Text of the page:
5 June 2019 Important Russian Art Auctions, at Asia House

5 June 2019

Artist Index / Full Catalogue

A Rare Imperial Porcelain Inkwell


A Rare Imperial Porcelain Inkwell


Length 18 cm, width 15 cm, height 16 cm.

In style of the second Rococo, shaped as an oval basket filled with flowers; the gilt body imitating basket weave and decorated with a band of hand moulded flowers, the moulded colourful flowers with gilt ceramic liners, the reverse with blue Imperial cypher for Nicholas I.

Provenance: Gift to the Empress Alexandra Feodorovna for Easter in 1836. Empress Maria Feodorovna (1847–1928).
Grand Duchess Xenia Alexandrovna (1875–1960).
Thence by descent to HH Princess Olga Andreevna Romanoff (b. 1950) until 2008.
Important private collection, Europe.

The inkwell is executed in the second Rococo style, popular towards the middle of the 19th century forms part of the Easter gifts delivered to the Imperial Family in spring 1836. During the reign of Nicholas I, the traditional gifts presented to the Empress Alexandra Feodorovna by the Imperial Manufactory for Christmas and Easter included several inkwells in different styles such as “seashell”, “house”, “with swans and garlands”, “mill” etc. According to research of a renowned porcelain scholar Natalia Petrova, one such gift was the offered inkwell. It is described in “the Registry of painted objects presented to the Emperor for Easter 1836” under column “For Her Imperial Highness” as “inkwell made of flowers, with painted and gilded decoration” to the value of 80 Roubles (Russian State Historical Archive or RGIA, folio 468, inventory 10, doc. 2, f. 74).

The technical mastery, the composition of porcelain paste, the abundance of flower decoration executed with a minuteness of detail, the expressive style and the richness of colours all testify to the outstanding skills of the master Petr Ivanov (circa 1780–1851). A hereditary porcelain artist, Ivanov studied at the Manufactory’s art school and also from his father, a chemist, who worked as a paste maker during the reign of Catherine II. He was responsible for inventing new formulas of biscuit pastes and methods of making flowers, unsurpassed as to the fineness of their moulding. One of his most celebrated compositions, known as “Biscuit Flower bouquet” on a circular plate, shaped as a table was presented to the Emperor for Christmas in 1850 and was intended for the World Exhibition of 1851 in London. However, due to its fragility the masterpiece could not be safely transported and remained in the Manufactory’s museum. The offered lot features perfect lifelike imitations, which required exceptional artistic and technical skills and are a testimony to the work of this legendary porcelain virtuoso. His creations became the hallmark of the period; after his death the composition formulas were lost, signifying the end of the era of the high art of moulded flowers.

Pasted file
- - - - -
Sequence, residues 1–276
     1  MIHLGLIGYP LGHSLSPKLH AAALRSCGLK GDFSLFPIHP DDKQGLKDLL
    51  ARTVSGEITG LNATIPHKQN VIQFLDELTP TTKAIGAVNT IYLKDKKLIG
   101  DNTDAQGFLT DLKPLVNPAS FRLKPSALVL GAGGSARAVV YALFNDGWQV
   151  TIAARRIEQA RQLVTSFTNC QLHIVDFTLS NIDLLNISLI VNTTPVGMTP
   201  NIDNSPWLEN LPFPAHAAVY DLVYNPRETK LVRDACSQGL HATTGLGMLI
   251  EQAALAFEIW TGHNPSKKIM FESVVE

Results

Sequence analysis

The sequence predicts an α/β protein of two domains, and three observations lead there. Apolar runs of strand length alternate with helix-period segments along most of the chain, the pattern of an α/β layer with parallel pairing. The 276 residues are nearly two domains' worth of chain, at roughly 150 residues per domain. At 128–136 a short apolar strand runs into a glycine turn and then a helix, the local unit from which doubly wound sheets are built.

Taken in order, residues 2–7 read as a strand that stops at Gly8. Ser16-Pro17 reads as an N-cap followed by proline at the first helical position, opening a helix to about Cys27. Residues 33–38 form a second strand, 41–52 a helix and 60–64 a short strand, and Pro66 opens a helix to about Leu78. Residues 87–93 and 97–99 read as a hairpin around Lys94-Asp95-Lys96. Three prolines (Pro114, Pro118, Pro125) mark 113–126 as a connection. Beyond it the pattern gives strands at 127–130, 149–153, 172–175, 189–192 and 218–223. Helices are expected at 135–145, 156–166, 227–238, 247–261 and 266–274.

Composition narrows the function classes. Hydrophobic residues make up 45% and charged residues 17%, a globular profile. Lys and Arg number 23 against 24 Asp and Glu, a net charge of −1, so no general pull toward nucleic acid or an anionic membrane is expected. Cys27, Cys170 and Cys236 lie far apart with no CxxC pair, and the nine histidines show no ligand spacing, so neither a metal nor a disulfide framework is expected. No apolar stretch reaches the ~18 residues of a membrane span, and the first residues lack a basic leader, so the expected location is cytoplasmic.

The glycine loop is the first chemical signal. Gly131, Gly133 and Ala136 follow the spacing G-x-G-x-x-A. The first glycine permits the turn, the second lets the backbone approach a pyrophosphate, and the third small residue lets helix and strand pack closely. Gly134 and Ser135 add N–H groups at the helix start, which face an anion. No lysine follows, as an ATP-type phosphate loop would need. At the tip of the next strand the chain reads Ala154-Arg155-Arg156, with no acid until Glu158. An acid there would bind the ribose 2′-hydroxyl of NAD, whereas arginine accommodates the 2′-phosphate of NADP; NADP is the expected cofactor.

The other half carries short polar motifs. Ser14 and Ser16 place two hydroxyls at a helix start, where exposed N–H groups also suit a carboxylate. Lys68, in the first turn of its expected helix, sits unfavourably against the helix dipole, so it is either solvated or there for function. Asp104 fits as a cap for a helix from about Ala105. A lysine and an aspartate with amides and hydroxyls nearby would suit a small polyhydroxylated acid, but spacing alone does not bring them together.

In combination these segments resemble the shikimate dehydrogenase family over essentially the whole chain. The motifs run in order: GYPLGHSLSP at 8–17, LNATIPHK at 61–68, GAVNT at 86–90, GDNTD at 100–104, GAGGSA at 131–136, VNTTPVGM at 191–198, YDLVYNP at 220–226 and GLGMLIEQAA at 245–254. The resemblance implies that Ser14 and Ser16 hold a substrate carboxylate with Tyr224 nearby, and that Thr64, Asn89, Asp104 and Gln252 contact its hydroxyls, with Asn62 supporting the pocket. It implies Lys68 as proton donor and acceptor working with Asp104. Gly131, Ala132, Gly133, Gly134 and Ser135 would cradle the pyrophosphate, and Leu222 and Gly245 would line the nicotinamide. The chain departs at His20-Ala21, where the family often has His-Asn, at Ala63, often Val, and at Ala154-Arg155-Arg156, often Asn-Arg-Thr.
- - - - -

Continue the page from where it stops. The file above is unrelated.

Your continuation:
Notes on symbols:
* Indicates 5% Import Duty Charge applies.
Ω Indicates 20% Import Duty Charge applies.
§ Indicates Artist's Resale Right applies.
† Indicates Standard VAT scheme applies, and the rate of 20% VAT will be charged on both hammer price and premium.